Celebrating 40 years in promoting women's rights

Date: Wednesday, December 18, 2019

Women’s march in Albania during International Women’s Day. Photo: Loreta Cuka
Women’s march in Albania during International Women’s Day. Photo: Loreta Cuka

18 of December 2019 marked the 40th anniversary of the UN Convention on the Elimination of all forms of Discrimination against Women (CEDAW). This is one of the core human rights treaties with great influence in improving the life of women and girls worldwide and bringing about major transformation regarding their status and role in society. CEDAW has inspired countries to make meaningful changes and additions in national legislation, policies and measures to protect and promote womens’ rights and gender equality. This includes but is not limited to, political participation, family, education, reproductive health, social care, gender-based violence. It is also an invaluable advocacy and lobby tool for women’s rights organizations to influence policymaking and monitor State’s compliance with CEDAW obligations.

The Convention reaffirms the human rights that women are entitled to enjoy by virtue of being human beings on an equal footing with men. It aims to address unjust gender power balance and harmful stereotypes that are often the root cause of gender inequalities. The CEDAW Convention includes strong standards on effective equality and non-discrimination for all women, which are closely linked to the Sustainable Development Goals related to food, education, health, housing, non-discrimination, legal capacity, political participation and equal family relations.

Despite its adoption 40 years ago, CEDAW has evolved to respond to new developments in society as well as emerging threats to women’s human rights that were not originally included in the treaty. This is made possible by the activity of the CEDAW Committee, which among others, interprets the CEDAW Convention and clarifies the obligations of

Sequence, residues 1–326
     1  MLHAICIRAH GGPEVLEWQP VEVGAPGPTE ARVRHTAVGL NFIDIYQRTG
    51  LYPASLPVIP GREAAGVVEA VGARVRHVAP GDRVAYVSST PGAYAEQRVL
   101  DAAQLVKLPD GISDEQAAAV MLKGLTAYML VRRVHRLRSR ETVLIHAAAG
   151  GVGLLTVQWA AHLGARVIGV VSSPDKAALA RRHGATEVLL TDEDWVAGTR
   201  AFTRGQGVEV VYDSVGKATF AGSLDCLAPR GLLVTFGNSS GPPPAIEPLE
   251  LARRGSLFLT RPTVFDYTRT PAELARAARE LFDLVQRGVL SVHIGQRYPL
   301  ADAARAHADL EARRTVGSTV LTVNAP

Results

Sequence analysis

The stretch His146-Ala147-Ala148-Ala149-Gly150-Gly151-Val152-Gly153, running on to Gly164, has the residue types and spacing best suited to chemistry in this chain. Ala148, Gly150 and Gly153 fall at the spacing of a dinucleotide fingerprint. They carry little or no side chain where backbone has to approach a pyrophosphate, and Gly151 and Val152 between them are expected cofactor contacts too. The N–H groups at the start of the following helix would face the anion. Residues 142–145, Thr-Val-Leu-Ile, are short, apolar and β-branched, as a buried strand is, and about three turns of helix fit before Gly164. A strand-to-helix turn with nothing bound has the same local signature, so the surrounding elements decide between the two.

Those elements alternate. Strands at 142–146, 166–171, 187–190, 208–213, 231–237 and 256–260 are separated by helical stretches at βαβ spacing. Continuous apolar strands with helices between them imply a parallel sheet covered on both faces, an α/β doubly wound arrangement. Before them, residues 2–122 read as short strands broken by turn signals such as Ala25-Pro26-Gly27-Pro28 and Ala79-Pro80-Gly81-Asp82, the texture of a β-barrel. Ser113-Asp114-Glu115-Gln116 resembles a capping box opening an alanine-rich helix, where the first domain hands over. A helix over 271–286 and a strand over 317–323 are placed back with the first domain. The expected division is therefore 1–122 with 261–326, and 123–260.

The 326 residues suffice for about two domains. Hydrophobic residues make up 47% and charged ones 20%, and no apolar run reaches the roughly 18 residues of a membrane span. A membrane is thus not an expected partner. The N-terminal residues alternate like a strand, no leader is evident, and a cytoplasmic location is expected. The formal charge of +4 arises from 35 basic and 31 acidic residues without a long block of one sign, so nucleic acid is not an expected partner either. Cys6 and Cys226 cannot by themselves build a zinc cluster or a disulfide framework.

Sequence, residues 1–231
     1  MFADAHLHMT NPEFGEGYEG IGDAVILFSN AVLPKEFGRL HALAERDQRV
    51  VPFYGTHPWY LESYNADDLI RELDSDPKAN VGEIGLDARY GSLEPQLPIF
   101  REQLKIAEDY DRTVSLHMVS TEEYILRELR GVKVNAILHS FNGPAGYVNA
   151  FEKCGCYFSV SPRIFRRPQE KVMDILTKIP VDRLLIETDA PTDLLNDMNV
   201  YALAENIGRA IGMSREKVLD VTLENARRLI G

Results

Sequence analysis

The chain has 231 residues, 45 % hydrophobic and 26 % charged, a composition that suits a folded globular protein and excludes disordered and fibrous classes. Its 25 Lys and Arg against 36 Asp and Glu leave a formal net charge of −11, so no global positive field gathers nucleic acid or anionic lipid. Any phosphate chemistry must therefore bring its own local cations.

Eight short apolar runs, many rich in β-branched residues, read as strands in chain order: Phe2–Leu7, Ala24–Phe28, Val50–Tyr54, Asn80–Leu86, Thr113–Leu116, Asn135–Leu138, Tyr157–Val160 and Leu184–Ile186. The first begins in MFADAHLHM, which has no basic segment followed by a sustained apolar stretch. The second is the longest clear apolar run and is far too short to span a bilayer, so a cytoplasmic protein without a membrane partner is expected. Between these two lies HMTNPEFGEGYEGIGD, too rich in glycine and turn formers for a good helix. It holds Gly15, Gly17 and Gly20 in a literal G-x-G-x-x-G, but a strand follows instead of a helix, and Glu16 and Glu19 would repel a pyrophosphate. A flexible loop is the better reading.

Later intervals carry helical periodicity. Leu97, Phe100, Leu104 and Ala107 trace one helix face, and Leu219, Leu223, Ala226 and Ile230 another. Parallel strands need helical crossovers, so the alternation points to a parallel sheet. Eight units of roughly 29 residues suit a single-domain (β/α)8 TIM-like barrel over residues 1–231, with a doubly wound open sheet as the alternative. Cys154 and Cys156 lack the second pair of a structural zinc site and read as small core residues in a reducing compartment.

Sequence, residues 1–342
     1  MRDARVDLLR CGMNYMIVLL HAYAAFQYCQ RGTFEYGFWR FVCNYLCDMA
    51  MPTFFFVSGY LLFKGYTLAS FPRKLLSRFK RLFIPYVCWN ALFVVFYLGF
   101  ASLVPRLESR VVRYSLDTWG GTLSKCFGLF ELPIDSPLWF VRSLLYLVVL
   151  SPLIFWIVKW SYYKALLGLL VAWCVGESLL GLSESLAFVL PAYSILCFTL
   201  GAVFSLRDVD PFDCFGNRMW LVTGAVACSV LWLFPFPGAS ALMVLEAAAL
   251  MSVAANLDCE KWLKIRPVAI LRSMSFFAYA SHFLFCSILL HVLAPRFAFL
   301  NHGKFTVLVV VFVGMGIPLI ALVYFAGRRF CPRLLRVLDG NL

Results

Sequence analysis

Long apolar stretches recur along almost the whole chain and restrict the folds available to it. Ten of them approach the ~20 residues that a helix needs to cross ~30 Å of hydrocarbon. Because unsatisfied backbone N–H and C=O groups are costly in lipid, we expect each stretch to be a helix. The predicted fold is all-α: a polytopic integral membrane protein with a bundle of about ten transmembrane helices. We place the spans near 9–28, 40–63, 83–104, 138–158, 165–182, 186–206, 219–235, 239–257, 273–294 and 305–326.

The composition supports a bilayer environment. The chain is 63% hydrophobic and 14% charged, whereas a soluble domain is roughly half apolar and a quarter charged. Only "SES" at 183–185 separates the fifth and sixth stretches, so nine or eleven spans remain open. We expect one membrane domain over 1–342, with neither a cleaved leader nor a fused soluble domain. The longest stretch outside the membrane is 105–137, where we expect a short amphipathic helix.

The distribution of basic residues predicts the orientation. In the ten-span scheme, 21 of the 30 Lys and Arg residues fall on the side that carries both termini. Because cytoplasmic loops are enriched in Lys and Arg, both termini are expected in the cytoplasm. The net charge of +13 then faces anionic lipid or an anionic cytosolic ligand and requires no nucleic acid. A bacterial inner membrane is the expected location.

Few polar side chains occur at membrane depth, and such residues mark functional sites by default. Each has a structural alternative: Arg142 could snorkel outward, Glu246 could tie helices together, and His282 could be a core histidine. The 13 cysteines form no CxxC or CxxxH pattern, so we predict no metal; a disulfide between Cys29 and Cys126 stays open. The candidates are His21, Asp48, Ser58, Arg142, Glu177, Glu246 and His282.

Albania is party to the CEDAW Convention since 1994 and ever since the treaty has been the basis of the country’s efforts to tackle discrimination and achieve women empowerment. CEDAW and its Committee have guided Albanian legislation and policies and progress has been achieved in many areas including women participation in public and political life. Nevertheless, a lot more remains to be done to address gender inequalities in the country. Harmful gender stereotypes remain deeply ingrained in the fabric of Albanian society and violence against women is a serious and widespread infringement upon women’s human rights. Additionally, addressing discrimination among rural women and disadvantaged communities should gain more traction.

Albania is expected to review and report on its implementation of the Convention next year. This process provides opportunities for the Government to identify what needs to be improved, while CSOs and national human rights institutions can provide an independent view of the issues and challenges, while also furthering their efforts in advocacy and monitoring of human rights obligations.

UN Women, the mandate of which is grounded on the CEDAW Convention, remains committed to support the Albanian government, civil society and all actors in their efforts to implement and promote the Convention. 18th of December is an important day not only to celebrate the achievements of the women’s rights movement over the last forty years, but particularly to look ahead and reflect on needed progress. This is particularly important for the women and girls in Albania and around the world who still find it difficult to have their voice heard and struggle to achieve the equal status they are entitled to in the society. Making CEDAW’s rights a reality for all women will continue to be one of the main aspirations of UN Women.